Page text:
14. Speeding up your code

Table of Contents

Profiling your code using gprof

There is a unix utility program called gprof (GNU profiler) that can help you determine which parts of your program are taking most execution time.

The basic steps are:

  1. compile your program with profiling enabled (using the -pg compiler flag)
  2. execute your program once to generate a profile data file
  3. run gprof to analyse the profile data

Here is an example program that we wish to profile:

#include <stdio.h>
#include <math.h>

#define MAXLOOP 1e7

double myFun1(double x) {
  double a = sin(x);
  return a;

double myFun2(double x) {
  double a = pow(x,3);
  return a;

double myFun3(double x) {
  double a = sqrt(x);
  return a;

int main(int argc, char *argv[]) {
  int i;
  double x;
  double xsum = 0.0;
  for (i=1; i<MAXLOOP; i++) {
    x = myFun1(i) + myFun2(i) + myFun3(i);
    xsum += x;
  printf("xsum = %.6f\n", xsum);
  return 0;
plg@wildebeest:~/Desktop$ gcc -o go go.c -lm
plg@wildebeest:~/Desktop$ time ./go
xsum = 2499999499999934350004060160.000000

real	0m1.576s
user	0m1.572s
sys	0m0.000s

Now let's recompile the program for the profiler, execute it once, and then run gprof to look at the profile data:

plg@wildebeest:~/Desktop$ gcc -o go go.c -lm -pg
plg@wildebeest:~/Desktop$ ./go
xsum = 2499999499999934350004060160.000000
plg@wildebeest:~/Desktop$ gprof go -p
Flat profile:

Each sample counts as 0.01 seconds.
  %   cumulative   self              self     total           
 time   seconds   seconds    calls  ns/call  ns/call  name    
 40.35      0.12     0.12  9999999    12.11    12.11  myFun3
 40.35      0.24     0.12                             main
 13.45      0.28     0.04  9999999     4.04     4.04  myFun2
  3.36      0.29     0.01  9999999     1.01     1.01  myFun1
  3.36      0.30     0.01                             frame_dummy

 %         the percentage of the total running time of the
time       program used by this function.

cumulative a running sum of the number of seconds accounted
 seconds   for by this function and those listed above it.

 self      the number of seconds accounted for by this
seconds    function alone.  This is the major sort for this

calls      the number of times this function was invoked, if
           this function is profiled, else blank.
 self      the average number of milliseconds spent in this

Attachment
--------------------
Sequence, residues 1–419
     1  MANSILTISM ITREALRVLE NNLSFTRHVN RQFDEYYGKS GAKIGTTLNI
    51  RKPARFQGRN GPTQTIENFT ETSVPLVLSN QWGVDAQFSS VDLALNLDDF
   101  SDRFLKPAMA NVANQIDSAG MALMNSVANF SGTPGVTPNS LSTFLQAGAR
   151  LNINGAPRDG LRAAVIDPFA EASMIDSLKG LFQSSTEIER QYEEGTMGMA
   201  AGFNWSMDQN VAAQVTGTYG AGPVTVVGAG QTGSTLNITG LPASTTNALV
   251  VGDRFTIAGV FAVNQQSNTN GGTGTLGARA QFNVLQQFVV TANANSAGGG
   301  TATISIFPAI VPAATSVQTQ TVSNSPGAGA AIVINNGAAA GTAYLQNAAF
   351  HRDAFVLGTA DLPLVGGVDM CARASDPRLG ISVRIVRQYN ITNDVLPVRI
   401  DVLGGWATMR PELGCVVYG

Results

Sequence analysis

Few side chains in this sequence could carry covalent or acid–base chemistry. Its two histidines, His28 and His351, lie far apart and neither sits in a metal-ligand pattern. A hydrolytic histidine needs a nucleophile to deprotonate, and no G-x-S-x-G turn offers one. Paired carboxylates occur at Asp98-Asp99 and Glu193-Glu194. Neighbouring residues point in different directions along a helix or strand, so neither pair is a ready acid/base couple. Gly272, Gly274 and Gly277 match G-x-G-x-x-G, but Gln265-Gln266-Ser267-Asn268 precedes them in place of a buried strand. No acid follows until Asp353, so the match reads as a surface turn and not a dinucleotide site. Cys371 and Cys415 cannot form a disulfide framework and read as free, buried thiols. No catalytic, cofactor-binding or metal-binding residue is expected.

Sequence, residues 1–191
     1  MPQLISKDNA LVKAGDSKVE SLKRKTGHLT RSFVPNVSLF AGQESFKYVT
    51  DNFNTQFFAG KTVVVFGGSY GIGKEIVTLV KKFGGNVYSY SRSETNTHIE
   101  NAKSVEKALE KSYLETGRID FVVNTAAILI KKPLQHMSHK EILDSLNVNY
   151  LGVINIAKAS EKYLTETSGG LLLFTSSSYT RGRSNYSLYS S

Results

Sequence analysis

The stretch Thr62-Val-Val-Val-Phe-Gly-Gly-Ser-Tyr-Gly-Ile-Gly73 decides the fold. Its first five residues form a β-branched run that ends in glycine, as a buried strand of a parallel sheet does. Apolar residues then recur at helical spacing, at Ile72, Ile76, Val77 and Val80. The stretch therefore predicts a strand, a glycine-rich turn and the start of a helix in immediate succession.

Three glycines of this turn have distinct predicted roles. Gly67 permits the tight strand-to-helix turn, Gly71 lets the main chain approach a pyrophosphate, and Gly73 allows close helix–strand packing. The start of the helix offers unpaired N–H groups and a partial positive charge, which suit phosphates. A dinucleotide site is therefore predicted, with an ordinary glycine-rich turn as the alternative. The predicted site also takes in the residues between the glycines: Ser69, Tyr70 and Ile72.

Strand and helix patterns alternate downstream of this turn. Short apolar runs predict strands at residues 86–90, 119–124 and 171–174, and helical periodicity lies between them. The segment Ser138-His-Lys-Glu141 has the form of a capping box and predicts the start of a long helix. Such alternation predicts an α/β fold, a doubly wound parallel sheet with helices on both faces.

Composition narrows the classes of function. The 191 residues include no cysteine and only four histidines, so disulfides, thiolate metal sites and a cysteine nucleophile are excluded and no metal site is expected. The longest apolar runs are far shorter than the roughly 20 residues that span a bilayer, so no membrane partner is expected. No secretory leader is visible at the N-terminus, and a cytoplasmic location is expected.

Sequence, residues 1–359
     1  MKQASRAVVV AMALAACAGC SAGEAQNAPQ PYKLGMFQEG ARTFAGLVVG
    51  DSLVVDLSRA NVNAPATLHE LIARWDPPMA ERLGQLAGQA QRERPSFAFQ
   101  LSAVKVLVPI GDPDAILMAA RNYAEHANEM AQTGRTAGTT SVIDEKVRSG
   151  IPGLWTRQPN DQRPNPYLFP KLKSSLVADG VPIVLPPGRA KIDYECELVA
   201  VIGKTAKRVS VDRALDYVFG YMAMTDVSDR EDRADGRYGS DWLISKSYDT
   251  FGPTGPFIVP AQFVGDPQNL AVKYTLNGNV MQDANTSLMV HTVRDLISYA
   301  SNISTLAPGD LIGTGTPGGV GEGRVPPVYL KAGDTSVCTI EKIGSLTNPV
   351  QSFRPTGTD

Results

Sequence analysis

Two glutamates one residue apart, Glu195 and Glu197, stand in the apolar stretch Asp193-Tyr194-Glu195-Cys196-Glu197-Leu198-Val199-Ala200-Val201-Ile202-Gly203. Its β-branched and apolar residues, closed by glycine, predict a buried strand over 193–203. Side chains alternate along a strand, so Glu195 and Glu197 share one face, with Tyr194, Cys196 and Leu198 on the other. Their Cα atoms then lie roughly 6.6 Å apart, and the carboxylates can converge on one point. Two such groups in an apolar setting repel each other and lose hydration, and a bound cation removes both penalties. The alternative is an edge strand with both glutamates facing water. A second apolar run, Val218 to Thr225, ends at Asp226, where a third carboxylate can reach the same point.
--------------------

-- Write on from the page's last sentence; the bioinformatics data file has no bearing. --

ms/call    function per call, if this function is profiled,
	   else blank.

 total     the average number of milliseconds spent in this
ms/call    function and its descendents per call, if this 
	   function is profiled, else blank.

name       the name of the function.  This is the minor sort
           for this listing. The index shows the location of
	   the function in the gprof listing. If the index is
	   in parenthesis it shows where it would appear in
	   the gprof listing if it were to be printed.

Examining gprof data

The very first section of the gprof output gives us important information. It's telling us that we are spending 40.35% of our time in myFun3() compared with only 13.45% and 3.36% in myFun2() and myFun3(). The obvious thing to try to do now is to speed up myFun3().

Known slugs

There are some C functions that are known to be slow.

Slow math functions

pow(), sqrt(), and trigonometric functions (e.g. sin(), cos(), tan(), etc.)

When using pow() with integers, just use basic operators instead. For example instead of this:

double y = 3.14;
double x = pow(y, 3);

Use the * operator instead:

double y = 3.14;
double x = y*y*y;

You can sometimes get around having to compute sqrt(), e.g. by squaring instead (but not using pow()). For example, let's say we're testing whether the distance of a point (x1,y1) from another point (x2,y2) is less than some minimum (mindist). Instead of computing the actual distance like this:

double the_dist = sqrt( pow(x2-x1,2) + pow(y2-y1,2) );
if (the_dist < mindist) {
  printf("it is less\n");

You can test the squared distance against the squared mindist:

double xdif = x2-x1;
double ydif = y2-y1;
double the_dist_squared = (xdif*xdif) + (ydif*ydif);
if (the_dist_squared < (mindist*mindist)) {
  printf("it is less\n");

Note how we have also replaced pow(), and we have made temporary variables xdif and ydif so we only compute each difference once.

In our lab, we got rid of a bunch of pow() function calls in a C function that represented a muscle model in an arm model simulation, and we sped up the code by a factor of about two (twice as fast).

Using the Optimizer compiler flags

There are a number of levels of "optimization" that you can request of the gcc compiler at compile time. You can read about them here. Turning on the optimizer flags asks the compiler to attempt to improve the performance (speed) of the code, typically at the expense of compilation time, (sometimes code size), and (usually) debugging ease.

If you type this:

gcc -Q --help=optimizers

You will get a long list of all of the various optimization options that are possible. Typically they are grouped into several "levels" of optimization which can be requested with a flag like -On where n is 1, 2, 3, etc.

See the gcc Optimize-Options for a full listing of what's turned on when you request -O, -O1, -O2, -O3, etc.

Effects on debugging

As a general rule, in fact, you should not use optimization flags when you are still debugging your code with gdb. When your code is compiled with optimization flags, strange things can happen, for example, variables you have defined may no longer be present, some statements may be executed in different places than where they are coded (and sometimes not at all), etc.

Sometimes you can get impressive speedups with optimization, simply by compiling with an optimizer flag, you might get a speedup even of twice as fast.


Paul Gribble | Summer 2012
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